Alan Duff's creditors, owed more than $3 million, met today to discuss a repayment proposal to stave off the author's bankruptcy.
Lawyers and creditors contacted by NZPA were tight-lipped about the outcome of the meeting. But it is understood that an agreement was reached which would be put before a High Court judge in Napier next month for approval.
Last month when Justice David Gendall heard an application to have Duff declared bankrupt, he allowed him a two-month adjournment so the repayment proposal could be put to today's meeting with creditors.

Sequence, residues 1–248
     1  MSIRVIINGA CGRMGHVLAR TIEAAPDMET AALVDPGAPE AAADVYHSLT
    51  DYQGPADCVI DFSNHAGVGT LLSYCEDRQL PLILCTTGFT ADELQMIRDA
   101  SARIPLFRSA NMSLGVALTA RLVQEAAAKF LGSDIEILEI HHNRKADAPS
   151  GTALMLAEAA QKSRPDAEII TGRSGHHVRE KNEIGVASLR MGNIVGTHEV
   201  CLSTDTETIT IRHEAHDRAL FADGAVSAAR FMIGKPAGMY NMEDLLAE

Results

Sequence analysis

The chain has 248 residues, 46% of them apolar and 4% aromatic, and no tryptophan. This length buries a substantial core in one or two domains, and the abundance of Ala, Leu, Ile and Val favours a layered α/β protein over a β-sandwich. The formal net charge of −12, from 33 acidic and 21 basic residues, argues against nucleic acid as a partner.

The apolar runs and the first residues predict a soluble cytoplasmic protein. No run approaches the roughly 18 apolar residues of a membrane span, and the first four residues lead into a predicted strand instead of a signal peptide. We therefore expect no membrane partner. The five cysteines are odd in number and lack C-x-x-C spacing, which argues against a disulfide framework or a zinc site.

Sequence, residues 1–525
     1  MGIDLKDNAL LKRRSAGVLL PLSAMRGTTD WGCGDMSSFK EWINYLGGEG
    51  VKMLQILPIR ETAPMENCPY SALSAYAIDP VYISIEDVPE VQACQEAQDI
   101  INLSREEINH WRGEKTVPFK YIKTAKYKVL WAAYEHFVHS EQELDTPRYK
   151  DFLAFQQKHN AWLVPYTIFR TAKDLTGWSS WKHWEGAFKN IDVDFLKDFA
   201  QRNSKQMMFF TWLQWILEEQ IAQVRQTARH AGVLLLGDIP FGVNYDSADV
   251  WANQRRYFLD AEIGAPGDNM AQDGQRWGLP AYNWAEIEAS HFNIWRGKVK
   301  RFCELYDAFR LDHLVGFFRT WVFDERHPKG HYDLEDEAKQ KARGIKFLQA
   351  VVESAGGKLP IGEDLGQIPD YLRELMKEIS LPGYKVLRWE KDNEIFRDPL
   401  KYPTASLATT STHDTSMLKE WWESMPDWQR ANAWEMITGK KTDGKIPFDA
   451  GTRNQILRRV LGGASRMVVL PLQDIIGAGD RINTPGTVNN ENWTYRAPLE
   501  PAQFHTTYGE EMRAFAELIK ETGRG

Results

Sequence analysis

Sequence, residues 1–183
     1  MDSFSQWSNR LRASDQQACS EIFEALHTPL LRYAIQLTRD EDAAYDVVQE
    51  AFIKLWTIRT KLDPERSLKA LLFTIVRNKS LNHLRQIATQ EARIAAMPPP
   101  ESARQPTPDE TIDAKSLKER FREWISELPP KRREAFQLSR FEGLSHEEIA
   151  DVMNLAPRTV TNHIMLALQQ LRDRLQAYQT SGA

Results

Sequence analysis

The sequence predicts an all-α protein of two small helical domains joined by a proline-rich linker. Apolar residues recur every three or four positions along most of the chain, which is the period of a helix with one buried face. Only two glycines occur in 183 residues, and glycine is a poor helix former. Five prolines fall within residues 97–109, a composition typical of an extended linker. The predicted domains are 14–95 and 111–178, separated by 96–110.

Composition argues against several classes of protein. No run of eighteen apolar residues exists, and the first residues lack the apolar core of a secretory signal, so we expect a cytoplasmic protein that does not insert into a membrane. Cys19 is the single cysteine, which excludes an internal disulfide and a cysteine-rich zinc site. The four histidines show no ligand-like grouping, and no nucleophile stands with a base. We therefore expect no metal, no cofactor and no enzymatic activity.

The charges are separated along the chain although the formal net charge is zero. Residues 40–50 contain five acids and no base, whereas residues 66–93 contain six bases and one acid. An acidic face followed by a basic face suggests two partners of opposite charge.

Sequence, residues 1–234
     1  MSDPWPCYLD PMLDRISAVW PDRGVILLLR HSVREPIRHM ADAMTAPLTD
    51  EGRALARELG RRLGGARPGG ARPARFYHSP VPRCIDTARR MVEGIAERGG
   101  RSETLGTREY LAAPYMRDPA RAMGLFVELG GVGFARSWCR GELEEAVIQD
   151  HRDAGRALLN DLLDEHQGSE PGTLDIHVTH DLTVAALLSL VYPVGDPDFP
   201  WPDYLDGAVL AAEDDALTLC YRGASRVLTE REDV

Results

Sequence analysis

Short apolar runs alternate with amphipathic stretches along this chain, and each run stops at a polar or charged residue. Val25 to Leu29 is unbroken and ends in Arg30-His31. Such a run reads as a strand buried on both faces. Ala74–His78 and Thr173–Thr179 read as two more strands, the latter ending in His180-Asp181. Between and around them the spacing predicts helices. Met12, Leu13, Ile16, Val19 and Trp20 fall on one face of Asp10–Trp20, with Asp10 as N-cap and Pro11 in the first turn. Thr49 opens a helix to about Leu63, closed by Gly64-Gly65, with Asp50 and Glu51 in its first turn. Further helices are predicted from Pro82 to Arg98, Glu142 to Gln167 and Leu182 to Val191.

Duff, who is still in France where he has been negotiating a book and film-rights deal, was represented by his lawyer Gerald McKay at the meeting. He declined comment, saying it was a "private matter for the moment between Mr Duff and the creditor group".
Mr McKay told the court last month Duff effectively had no assets but he was in France, at the invitation of the French Government and his publisher, to have some of his books translated into French.
He was trying to negotiate a book and film-rights deal which could provide "substantial" returns, enough to satisfy his $3 million-plus debts.